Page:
Thursday, March 10, 2016

How To Play Golf in New York City: East River Bikeway Edition

Golf. You'd be surprised at how accessible it is from the island of Manhattan. One of my favoritest routes to get to golf is the one that runs along the shore of the East River and down the entire "Loisaida" (that's local-slang for "Lower East Side", you honky) to the doorstep of the Staten Island Ferry terminal.

Riding a bike on city streets with golf bag in tow is somewhat impractical, so what I really like about this particular route is that it consists almost entirely of carless greenways and barely any interaction with motor vehicle traffic.

For me the trip starts conveniently near the terminal point of the East River Park greenway. Here we are looking eastward across the river at Queens and Brooklyn, and about to cross under the FDR Drive.

Looking southward from our starting point on the east side of lower-mid-Manhattan. The green line represents the bike portion of the trip and the blue line in the distance represents the ferry ride to Staten Island.

East River Park is a popular strip for joggers, walkers, cyclists, sport fishermen and, let's not sugarcoat it, homeless drifters.

The hulking ConEdison power station which got flooded during Hurricane Sandy and left me and most of lower Manhattan without electricity for a few crazy days.

The greenway is a very good public-use facility--except for this very narrow, choked off segment. And let me tell you it really sucks ass, an excruciating little hitch in an otherwise chillaxin' journey.

It's fine if there's nobody else coming through at the same time, such as now. But when people going in opposite directions converge, there's only a couple of centimeters of breathing room between them. A lot of bumped elbows and grumbling. The city recently approved an improvement project for here so, you know, someday.

Once through the bottleneck though, things really open up. There's a much newer, boardwalk-like path off to the left that runs right up against the waterfront, but we're interested in efficiency here so we'll take the more utilitarian service road.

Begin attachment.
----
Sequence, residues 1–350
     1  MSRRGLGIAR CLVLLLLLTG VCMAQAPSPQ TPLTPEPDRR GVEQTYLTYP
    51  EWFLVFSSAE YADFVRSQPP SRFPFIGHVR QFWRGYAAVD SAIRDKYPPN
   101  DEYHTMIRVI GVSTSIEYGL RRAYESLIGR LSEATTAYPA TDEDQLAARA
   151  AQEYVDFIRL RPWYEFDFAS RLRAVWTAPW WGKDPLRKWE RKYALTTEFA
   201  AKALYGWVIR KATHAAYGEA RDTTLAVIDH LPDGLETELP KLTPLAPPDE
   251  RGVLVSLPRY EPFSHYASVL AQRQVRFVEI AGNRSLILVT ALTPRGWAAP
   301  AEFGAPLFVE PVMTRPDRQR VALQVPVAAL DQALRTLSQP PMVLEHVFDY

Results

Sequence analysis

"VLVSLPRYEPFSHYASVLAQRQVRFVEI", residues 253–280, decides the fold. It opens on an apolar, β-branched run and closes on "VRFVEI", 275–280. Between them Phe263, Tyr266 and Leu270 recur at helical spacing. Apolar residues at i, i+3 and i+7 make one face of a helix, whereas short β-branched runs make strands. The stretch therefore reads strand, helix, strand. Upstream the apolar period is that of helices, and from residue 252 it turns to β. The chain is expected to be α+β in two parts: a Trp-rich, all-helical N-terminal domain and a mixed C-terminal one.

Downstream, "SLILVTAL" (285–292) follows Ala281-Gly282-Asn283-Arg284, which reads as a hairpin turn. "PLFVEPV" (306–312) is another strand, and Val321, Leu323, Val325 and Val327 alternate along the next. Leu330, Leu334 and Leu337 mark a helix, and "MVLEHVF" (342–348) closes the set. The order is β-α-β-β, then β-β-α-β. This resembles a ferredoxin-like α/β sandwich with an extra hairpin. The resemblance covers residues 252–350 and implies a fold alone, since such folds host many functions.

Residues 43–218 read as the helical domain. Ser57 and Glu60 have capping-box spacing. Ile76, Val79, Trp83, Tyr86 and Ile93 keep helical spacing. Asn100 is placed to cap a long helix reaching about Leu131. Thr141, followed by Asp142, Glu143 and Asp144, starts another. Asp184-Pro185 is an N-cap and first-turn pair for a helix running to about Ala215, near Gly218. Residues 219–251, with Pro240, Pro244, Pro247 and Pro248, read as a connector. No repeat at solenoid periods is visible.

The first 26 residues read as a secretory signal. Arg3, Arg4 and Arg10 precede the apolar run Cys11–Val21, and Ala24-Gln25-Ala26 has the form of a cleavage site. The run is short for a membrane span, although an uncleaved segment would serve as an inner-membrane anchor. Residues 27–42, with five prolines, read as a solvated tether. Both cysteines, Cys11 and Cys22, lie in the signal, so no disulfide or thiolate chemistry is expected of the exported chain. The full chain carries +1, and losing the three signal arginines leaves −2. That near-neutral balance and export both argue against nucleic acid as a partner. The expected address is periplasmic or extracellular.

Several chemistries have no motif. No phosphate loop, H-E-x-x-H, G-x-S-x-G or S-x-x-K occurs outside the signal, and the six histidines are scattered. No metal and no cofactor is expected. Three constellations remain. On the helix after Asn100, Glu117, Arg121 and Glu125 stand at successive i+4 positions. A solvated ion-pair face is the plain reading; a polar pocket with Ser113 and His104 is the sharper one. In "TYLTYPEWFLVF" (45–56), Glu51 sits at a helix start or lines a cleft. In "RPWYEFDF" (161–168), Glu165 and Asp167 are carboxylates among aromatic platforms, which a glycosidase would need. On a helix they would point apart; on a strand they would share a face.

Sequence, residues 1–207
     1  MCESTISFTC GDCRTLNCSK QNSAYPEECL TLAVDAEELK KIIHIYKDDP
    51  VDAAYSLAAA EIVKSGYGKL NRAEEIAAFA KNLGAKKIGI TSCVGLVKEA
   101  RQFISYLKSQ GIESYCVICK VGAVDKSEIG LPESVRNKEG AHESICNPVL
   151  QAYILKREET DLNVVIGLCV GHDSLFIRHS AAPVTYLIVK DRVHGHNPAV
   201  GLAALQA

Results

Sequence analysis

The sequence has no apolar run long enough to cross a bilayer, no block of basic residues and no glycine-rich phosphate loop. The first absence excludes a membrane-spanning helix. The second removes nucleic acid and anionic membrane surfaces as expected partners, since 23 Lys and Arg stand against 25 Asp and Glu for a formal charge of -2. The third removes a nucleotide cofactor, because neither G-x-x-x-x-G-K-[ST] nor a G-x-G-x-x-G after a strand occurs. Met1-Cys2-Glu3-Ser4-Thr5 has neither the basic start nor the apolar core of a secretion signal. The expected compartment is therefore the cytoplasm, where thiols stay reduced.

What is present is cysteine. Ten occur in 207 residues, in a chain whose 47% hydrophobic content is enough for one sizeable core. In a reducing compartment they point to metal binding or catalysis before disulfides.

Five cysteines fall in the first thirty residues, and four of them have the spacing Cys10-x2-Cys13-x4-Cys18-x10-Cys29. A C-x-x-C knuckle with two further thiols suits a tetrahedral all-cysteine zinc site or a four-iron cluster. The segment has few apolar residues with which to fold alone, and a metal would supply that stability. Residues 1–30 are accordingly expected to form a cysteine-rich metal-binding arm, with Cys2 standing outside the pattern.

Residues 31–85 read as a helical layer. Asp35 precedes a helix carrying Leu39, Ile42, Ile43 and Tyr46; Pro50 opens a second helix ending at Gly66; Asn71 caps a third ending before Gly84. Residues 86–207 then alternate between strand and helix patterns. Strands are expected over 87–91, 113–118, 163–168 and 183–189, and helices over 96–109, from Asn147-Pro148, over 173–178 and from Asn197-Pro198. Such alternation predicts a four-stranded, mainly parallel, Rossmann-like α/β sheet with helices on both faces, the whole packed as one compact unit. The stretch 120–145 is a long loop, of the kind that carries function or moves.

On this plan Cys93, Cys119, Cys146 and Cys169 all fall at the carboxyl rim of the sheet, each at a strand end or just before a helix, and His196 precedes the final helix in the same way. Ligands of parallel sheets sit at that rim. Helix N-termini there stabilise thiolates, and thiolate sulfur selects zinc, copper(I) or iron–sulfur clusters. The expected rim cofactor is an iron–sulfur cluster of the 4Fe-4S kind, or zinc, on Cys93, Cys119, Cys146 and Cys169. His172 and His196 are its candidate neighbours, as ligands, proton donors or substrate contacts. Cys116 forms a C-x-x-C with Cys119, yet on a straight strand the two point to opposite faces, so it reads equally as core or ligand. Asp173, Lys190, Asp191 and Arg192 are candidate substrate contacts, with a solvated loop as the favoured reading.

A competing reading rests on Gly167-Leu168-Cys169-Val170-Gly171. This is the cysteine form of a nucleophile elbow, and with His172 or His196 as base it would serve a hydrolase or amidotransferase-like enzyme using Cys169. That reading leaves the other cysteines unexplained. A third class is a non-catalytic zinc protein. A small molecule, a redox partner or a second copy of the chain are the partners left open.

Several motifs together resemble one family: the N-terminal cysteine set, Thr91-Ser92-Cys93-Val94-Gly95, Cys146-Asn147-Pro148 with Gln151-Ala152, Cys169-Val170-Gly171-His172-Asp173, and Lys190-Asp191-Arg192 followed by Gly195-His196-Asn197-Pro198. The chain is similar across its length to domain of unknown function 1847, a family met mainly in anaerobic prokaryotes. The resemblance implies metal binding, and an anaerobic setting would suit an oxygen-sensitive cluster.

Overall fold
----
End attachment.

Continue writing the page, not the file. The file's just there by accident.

This is a nice track where I like to take a few laps every now and then.

Coming up on the first of three bridges to Brooklyn. Why the need for so many seemingly redundant bridges, you might ask. And it'd be a good question. Hell if I know.

There is much more to the New York City recreational sports scene than ghetto golf. There's also ghetto tennis. This is one of several city-owned and (unfortunately) operated court facilities. To play tennis for an hour on a crummy city court they charge you, get this--fifteen bucks. Gyp.

Around this bend it usually starts to get windier, and this little golf excursion starts to feel like a workout.

A lonely dusty dirt road in Manhattan.

Our route goes under the FDR Drive for a little bit.

We're by Chinatown now. On the right there's a public park gym full of all kinds of weird gyrating, swinging contraptions meant to give you an old-timey workout.

Here the road diverges into a proper two-way bikeway. Not that that stops people from wandering or standing around in the middle of them.

When tide is low, there's actually bits of beachy shore along the east side.

Shuttered building on the left was once the city's main fish market, established in the early 1800s. It had to move to a bigger place in the Bronx about a decade ago. Exponentially more fish-eaters living here than back in the day I am guessing.

Speaking of historical shit we have arrived at the South Street Seaport. The entertainment/retail aspect is under reconstruction right now, but this old-timey ship is pretty cool, and touristy.

Speaking of touristy this is a popular spot for selling tchotchkes on the lowdown. There's group tai-chi sessions here in the mornings as well.

Pier for various commuter ferries.


The home stretch. Getting really windy now. Maybe it's all those f'n helicopters?!

Phew, those last 500 yards were a real struggle. Put it this way, riding into a headwind wearing a golf stand bag is not what you'd call an aerodynamically-optimized setup. But at last we're here. Parking, it's a bitch just like everywhere else in the city.

Like Lot's wife, I can't help but to take a look back.

After all, we covered a lot of ground.

Hope you enjoyed the trip. On the boat ride, I like to enjoy some alone time. So I'm gonna go ahead and, you know, go stand over there now. You're on your own from here. See you on the course, maybe.


  1. I'm exhausted reading this. Whew.


  2. It is a totally different experience using a push cart across the terrain as opposed to hopping in a regular golf cart.


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